Former New York Yankees catcher and manager, Yogi Berra, once said, “If you don’t know where you’re going, you’ll wind up somewhere else.” The beginning of the year is a great time to consider these words and take financial measure of how your farming operation ended 2019, and establish goals for 2020.
A detailed and realistic budget is one of the most important tools to guide your business. Providing the information necessary to operate within your family living means and handle upcoming challenges will hopefully help you record profitable results. With a budget established, you’ll continually refer to it as a way of measuring performance against expectations.
To Yogi’s point — how can you know what’s possible in the future if you don’t understand the historical results you’ve posted? The first step in the budgeting process is to make sure you know where your money has gone historically.
A budget is a planning tool necessary for building a framework for your farm and its finances. Combining past trends with realistic forecasts for the upcoming year, a budget provides a detailed view of revenue expectations and how those balance against anticipated expenses. Budgets also help with setting goals and establishing priorities. At a minimum, farmers should look at their total farm operation and establish goals for the upcoming year.
below is an example of how a multi-crop farmer can estimate revenue for the year – items highlighted in yellow are all variable and subject to change.
Goals should also be established in granularity for the upcoming year, expense line item by expense line item, including the reasons and rationale behind any expected change in your cost structure.
For example, ask yourself:
1. Will expense line items increase by cost of
2. Are you going to outsource less custom
3. Do your rent agreements have escalations
in the current year?
The budget below provides an example of this line item approach process:
Occasionally, farms will complete their budgets with multiple scenarios – worst case, most likely, and best case models are frequently identified. This helps farmers to mentally prepare for contingencies and identify potential changes from initial expectations.
The above example budgets assumed $3.75 corn and $9.00 soybeans — what if in the middle of the year your soybean yields and prices have both dropped and you now expect that your output will be 60 bushels per acre at a sales price of $8.50?What do you need to sell your corn at to break even?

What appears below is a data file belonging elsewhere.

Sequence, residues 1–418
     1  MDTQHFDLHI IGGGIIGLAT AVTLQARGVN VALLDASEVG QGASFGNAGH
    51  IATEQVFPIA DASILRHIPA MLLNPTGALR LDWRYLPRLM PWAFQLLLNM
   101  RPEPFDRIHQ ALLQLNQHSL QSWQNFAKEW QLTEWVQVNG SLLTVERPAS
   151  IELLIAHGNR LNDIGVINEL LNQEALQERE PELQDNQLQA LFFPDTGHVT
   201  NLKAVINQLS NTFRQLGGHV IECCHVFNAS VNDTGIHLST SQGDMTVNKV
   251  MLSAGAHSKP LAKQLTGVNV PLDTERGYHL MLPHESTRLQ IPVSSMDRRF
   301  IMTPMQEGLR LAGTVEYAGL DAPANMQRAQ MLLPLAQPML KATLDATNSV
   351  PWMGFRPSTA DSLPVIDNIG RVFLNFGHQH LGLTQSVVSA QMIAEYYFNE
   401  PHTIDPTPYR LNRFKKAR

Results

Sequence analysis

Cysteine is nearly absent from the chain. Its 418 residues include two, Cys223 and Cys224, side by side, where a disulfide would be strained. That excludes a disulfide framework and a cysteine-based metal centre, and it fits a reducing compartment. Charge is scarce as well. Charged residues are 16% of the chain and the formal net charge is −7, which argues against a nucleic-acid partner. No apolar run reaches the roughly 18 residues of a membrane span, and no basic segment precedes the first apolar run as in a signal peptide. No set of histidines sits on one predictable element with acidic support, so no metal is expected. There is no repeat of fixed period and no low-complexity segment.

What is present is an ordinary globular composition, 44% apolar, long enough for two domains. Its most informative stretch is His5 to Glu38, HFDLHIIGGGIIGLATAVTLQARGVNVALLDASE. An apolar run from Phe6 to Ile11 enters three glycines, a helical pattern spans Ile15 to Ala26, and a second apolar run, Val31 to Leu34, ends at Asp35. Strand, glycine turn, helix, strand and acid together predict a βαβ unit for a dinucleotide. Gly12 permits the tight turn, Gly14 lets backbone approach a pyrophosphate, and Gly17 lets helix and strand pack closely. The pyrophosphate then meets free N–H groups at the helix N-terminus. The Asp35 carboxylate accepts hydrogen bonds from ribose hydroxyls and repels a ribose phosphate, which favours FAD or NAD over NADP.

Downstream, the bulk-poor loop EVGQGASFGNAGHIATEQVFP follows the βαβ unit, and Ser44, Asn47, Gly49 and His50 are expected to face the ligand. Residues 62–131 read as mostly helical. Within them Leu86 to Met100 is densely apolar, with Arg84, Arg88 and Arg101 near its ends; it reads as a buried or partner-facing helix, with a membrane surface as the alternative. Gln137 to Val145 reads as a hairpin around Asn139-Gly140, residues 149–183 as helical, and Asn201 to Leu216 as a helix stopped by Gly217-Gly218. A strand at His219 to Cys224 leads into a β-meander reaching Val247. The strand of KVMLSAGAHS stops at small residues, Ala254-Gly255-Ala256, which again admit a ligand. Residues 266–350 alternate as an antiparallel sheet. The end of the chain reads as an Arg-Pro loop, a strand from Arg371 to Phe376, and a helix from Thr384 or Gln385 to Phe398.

You now need to sell your corn for $4.188 in order to break even. Is that possible? If so, do you sell it all when you see that price available or only a portion of it? If not possible, where are you at as compared to budget on other financial statement line items? Do you need to cut expenses elsewhere? Or, tighten the family living belt?
You are only able to answer these questions and make educated decisions if you first understand your numbers and are up to date on your recordkeeping – tracking actual revenue and expenses and comparing them to what was budgeted. This helps to assure your farm is sticking to its plans, but budgeting also offers an important means of identifying problems and opportunities.
Regardless of whether or not your actual results and profitability are as strong as you would like, high-quality reports help provide clarity to the business and family living decisions you need to make. Reports demonstrate your commitment to increasing your profitability, and show your history of successful farm management to lenders and other capital providers. This allows them to be confident of the accuracy and completeness of your records.
If you are interested in learning more about creating your farming operation budget or keeping sound financial records, contact a local GreenStone branch. GreenStone offers a full array of accounting services for farmers and other business owners.
To view the article in the online 2020 Winter Partners Magazine, click here.